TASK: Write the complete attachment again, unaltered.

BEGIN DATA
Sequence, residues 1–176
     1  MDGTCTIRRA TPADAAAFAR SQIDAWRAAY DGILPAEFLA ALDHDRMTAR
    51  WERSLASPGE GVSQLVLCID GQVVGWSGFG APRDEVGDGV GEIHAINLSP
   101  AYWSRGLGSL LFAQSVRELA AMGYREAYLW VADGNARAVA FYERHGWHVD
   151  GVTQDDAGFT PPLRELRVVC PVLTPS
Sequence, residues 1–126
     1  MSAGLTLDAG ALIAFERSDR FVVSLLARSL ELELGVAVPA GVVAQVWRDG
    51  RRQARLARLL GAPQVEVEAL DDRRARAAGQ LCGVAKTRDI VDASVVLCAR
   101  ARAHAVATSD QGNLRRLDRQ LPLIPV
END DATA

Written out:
Sequence, residues 1–176
     1  MDGTCTIRRA TPADAAAFAR SQIDAWRAAY DGILPAEFLA ALDHDRMTAR
    51  WERSLASPGE GVSQLVLCID GQVVGWSGFG APRDEVGDGV GEIHAINLSP
   101  AYWSRGLGSL LFAQSVRELA AMGYREAYLW VADGNARAVA FYERHGWHVD
   151  GVTQDDAGFT PPLRELRVVC PVLTPS
Sequence, residues 1–126
     1  MSAGLTLDAG ALIAFERSDR FVVSLLARSL ELELGVAVPA GVVAQVWRDG
    51  RRQARLARLL GAPQVEVEAL DDRRARAAGQ LCGVAKTRDI VDASVVLCAR
   101  ARAHAVATSD QGNLRRLDRQ LPLIPV